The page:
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I know that new-ing something in one module and delete-ing it in another can often cause problems in VC++. Problems with different runtimes. Mixing modules with staticly linked runtimes and/or dynamically linked versioning mismatches both can screw stuff up if I recall correctly.

However, is it safe to use VC++ 2008's std::tr1::shared_ptr across modules?

Since there is only one version of the runtime that even knows what what a shared_ptr is, static linking is my only danger (for now...). I thought I've read that boost's version of a shared_ptr was safe to use like this, but I'm using Redmond's version...

I'm trying to avoid having a special call to free objects in the allocating module. (or something like a "delete this" in the class itself). If this all seems a little hacky, I'm using this for unit testing. If you've ever tried to unit test existing C++ code you can understand how creative you need to be at times. My memory is allocated by an EXE, but ultimately will be freed in a DLL (if the reference counting works the way I think it does).

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5 Answers

up vote 11 down vote accepted

Freeing the memory is safe, so long as it all came from the same memory management context. You've identified the most common issue (different C++ runtimes); having separate heaps is another less-common issue you can run into.

Another issue which you didn't mention, but which can be exascerbated by shared pointers, is when an object's code exists in the DLL and is created by the DLL, but another object outside the DLL ends up with a reference to it (via shared pointer). If that object is destroyed after the DLL is unloaded (for example, if it's a module-level static, or if the DLL is explicitly unloaded by FreeLibrary(), the shared object's destructor will crash.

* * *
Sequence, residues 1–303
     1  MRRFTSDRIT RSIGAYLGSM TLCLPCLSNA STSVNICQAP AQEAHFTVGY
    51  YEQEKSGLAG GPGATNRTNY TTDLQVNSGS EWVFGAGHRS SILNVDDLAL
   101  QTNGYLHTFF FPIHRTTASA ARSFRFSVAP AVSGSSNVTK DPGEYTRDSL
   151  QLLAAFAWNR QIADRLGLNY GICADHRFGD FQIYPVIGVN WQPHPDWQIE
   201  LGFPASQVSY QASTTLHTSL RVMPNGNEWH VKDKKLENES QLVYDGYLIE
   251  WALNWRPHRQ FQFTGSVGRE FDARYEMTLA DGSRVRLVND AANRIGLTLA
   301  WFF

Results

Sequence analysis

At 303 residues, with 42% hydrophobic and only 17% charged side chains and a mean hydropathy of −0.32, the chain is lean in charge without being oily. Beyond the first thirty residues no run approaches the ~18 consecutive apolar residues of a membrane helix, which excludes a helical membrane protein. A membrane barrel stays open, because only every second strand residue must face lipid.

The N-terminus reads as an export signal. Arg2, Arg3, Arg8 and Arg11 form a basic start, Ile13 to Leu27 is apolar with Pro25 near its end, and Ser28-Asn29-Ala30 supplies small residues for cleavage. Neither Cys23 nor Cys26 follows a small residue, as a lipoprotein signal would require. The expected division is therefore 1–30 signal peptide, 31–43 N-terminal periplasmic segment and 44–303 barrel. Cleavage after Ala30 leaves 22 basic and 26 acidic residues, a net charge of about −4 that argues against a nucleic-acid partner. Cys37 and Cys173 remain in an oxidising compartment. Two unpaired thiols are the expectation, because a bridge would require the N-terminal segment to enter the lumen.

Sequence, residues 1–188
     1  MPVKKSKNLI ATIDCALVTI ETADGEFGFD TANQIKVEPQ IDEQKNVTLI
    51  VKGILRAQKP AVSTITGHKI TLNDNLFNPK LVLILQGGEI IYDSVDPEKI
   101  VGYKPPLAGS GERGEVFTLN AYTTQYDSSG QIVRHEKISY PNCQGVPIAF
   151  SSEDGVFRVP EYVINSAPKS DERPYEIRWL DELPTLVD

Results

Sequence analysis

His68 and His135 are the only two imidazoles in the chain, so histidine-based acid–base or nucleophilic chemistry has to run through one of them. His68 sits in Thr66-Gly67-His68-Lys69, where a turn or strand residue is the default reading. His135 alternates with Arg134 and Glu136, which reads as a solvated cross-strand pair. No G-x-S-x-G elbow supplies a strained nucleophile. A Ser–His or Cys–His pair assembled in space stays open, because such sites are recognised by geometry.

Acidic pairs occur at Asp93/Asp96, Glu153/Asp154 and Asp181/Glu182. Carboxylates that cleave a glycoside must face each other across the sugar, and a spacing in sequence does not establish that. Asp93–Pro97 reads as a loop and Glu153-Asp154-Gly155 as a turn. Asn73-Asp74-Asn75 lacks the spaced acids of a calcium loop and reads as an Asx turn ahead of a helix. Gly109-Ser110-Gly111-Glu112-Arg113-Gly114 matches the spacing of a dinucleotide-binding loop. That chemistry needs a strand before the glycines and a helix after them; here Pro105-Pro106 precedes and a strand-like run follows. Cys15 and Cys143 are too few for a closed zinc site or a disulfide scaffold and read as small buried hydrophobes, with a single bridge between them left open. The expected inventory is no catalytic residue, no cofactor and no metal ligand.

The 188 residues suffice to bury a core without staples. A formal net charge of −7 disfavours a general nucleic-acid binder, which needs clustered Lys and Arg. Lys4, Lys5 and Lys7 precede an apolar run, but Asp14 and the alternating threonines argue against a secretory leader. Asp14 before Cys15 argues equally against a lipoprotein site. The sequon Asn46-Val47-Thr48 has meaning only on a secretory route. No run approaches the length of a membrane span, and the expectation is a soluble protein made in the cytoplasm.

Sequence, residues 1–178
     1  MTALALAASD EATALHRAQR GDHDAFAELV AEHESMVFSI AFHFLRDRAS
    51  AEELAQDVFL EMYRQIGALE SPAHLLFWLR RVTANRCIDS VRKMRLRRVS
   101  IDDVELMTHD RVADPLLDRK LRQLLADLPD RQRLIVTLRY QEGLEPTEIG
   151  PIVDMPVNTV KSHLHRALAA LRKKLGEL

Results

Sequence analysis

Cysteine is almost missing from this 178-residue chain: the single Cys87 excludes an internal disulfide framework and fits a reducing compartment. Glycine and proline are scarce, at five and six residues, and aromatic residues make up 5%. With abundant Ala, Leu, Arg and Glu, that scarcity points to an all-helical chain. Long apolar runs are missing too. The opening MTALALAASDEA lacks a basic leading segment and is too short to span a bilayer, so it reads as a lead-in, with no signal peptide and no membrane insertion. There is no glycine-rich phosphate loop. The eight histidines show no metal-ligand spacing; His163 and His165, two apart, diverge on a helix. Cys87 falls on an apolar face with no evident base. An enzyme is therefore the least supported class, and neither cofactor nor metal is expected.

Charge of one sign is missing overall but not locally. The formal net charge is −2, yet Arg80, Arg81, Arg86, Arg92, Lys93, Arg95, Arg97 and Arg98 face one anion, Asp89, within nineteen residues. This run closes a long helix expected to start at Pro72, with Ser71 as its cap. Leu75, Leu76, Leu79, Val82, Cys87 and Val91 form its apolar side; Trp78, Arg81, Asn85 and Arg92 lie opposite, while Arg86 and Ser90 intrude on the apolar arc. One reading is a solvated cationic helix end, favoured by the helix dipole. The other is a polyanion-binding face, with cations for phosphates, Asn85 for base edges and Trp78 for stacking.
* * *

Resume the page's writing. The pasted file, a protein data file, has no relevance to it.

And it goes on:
This can bite you if you attempt to write DLL-based, loosely-coupled plugins. It's also the reason that COM lets DLLs decide when they can be unloaded, rather than letting COM servers demand-unload them.

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I knew that dynamically loaded DLLs could be a problem - thanks for explaining the 'why'. –  Harper Shelby Dec 8 '08 at 17:14
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If you're concerned, use the form of shared_ptr constructor that takes a deleter argument. The deleter can call back into the module that allocated the object so that the delete occurs in the proper context.

Boost's documentation claims it is 100% compatible with TR1, so hopefully there's nothing misleading about this:

http://www.boost.org/doc/libs/1_37_0/libs/smart_ptr/shared_ptr.htm#constructors

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You're beginning to see how incredibly amazing shared_ptr is :)

Being safe across DLL boundaries is exactly what shared_ptr was designed to be (among other things, of course).

Contrary to what others have said, you don't even need to pass a custom deleter when constructing the shared_ptr, as the default is already something like